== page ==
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ATPM 11.01
January 2005



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Review: Delicious Library 1.0.6

by Lee Bennett,


Developer: Delicious Monster

Price: $40

Requirements: Mac OS X 10.3.

Trial: Feature-limited (25-item limit)

Admittedly, ATPM is a little late with a review of Delicious Library. Everyone and their mothers seem to have already reviewed it and everyone largely feels it’s the greatest thing since popcorn was first sold at movies.

So, I finally got my hands on the application to give it a try and I, like everyone else, was immediately stunned by the “wow” factor. Yes, “eye candy—and lots of it” was at the forefront of my initial opinion. However, eye candy usually refers to interface elements that are pretty but not necessarily functional. With Delicious Library, the bookshelf metaphor (the most blatant eye candy) really works. It’s exactly how I wish I could store my DVDs in real life. Since I don’t have a living room the size of a Blockbuster Video store, a digital version is the best alternative.

Yet, as I prepared to start writing about it, I could truly come up with no description of its outstanding features that hasn’t already been said. Beautiful display of media cover art—check. iTunes playlist-like interface for various collections—check. Full-featured interface for managing who borrowed what from you—check. Information-packed details downloaded from Amazon, Internet Movie Database, etc.—check. Quick link to purchase items not already in your collection—check. Greyed-out icons for search hits that are already in your collection—check. And, of course, that awesome scan feature that turns your iSight into a bar code scanner—check!

Other reviews have even touched on the more subtle eye candy, such as the texture that is placed on top of DVD cover art to simulate that unmistakable slightly warped plastic that is so much a part of a physical case.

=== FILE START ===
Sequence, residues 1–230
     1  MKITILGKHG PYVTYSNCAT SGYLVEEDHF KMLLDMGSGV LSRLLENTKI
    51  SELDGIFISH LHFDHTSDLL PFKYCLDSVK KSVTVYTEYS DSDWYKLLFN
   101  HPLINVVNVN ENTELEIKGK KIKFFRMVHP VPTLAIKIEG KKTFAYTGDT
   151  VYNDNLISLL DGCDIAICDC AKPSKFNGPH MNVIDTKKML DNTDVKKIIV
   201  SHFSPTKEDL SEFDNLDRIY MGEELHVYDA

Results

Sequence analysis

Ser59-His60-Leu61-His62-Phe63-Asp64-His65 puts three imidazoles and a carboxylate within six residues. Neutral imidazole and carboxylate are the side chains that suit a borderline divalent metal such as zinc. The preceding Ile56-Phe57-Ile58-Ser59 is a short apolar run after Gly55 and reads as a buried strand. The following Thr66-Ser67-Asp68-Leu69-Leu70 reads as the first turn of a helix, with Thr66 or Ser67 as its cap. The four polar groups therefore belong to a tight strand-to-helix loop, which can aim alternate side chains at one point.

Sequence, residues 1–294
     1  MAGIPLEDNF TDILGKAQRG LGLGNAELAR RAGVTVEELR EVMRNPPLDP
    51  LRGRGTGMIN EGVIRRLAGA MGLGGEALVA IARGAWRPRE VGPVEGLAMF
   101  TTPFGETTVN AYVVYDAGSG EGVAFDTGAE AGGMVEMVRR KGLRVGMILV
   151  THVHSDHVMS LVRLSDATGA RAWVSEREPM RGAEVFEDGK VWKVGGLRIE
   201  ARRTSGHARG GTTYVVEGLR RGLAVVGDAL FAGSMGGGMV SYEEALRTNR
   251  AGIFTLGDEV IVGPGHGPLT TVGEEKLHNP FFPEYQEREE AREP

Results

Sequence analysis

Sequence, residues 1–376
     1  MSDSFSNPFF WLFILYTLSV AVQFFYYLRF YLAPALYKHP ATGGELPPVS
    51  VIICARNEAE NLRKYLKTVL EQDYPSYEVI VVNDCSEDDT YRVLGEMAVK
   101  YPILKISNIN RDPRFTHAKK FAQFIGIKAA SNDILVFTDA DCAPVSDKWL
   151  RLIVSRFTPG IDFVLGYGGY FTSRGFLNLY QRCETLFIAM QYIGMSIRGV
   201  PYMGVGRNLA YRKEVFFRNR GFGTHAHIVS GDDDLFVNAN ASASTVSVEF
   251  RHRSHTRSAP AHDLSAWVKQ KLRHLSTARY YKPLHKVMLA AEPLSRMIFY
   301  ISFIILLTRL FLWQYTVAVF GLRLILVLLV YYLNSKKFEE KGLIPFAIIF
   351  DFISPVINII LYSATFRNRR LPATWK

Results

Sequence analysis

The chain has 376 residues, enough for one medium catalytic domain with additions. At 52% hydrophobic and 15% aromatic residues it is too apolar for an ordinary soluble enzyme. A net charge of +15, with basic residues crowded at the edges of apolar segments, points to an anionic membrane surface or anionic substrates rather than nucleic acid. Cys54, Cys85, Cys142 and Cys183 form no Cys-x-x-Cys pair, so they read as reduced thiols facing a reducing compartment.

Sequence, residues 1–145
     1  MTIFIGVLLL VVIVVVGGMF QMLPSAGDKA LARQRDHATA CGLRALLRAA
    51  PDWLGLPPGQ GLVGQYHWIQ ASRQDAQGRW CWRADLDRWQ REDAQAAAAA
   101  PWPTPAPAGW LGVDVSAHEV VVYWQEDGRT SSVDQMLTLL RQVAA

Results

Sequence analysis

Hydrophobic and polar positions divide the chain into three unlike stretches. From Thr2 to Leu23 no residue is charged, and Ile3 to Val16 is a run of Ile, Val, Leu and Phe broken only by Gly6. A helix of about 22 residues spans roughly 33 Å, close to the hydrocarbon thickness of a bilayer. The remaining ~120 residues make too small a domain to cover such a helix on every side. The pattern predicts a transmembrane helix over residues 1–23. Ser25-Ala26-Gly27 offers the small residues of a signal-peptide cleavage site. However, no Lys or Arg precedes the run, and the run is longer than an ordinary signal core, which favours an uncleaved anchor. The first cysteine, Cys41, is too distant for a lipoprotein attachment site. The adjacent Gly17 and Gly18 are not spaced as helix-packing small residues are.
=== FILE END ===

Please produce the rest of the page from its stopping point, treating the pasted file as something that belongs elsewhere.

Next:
The plastic-like texture is more easily visible on darker DVD cover art.

How about the little plastic tabs that CD cover art slips behind?


Looks just like a real CD jewel case.

There’s also the ever-so-slight noise motion of the red bar code sensors in the iSight preview window. A plain, one-pixel-thick bright red line would have easily made a great metaphor for the laser light, but the developers took it one step further by giving it that real-life touch.


See the little dimples in the scan lines? Those are actually in perpetual random fluctuation.

Speaking of the bar code reader—easily Delicious Library’s single most cool feature—there’s something I want to stress. I currently own 71 items on DVD (it suits me that things like the 10-disc Ultimate Matrix Collection is counted as just one item). Not a huge collection, I know, but it’s enough for now.

I spent the better part of a weekend a couple months ago with the original DVD library application I have been using (more on it later) inputting all my movies. Yes, it is able to download data from Amazon and IMDb, but it’s not as handy as a bar code reader. What took me many hours to do in this application only required an hour and a half in Delicious Library, and that time would have been less if I had really set my mind to doing it quickly.

The View From Here

But I digress. What I want to accomplish here is to point out three small issues that other reviews seemed to have overlooked. But do not think that I’m pooh-poohing Delicious Library. You’ll note that I gave it a Very Nice rating, and don’t forget that this is still a version 1.x release. No doubt the developers are going to take Delicious Library’s features to even more amazing levels. I’m confident version 2.0 is going to kick proverbial butt!

What I want to share is not so much nit-picks at this early version as things to keep in mind as you decide whether Delicious Library is for you.

For example, a neat feature of the thumbnail view of a collection is that each shelf has a label that reads, “AAA to BBB” where AAA and BBB are the first words of the leftmost and rightmost titles, respectively, which are sitting on that shelf. Its problem is that it changes size along with the size of the thumbnails, and the text is unreadable at the smaller settings. By the time I increased the thumbnail size enough to make the label text readable, there were only a couple items on the shelf (I don’t have a really wide monitor) and I no longer needed the label to see, at a glance, what the first and last items were.


Above: Delicious Library’s full window with thumbnails at the smallest setting. Below: An actual-size view of the illegible labels at the smallest thumbnail settings.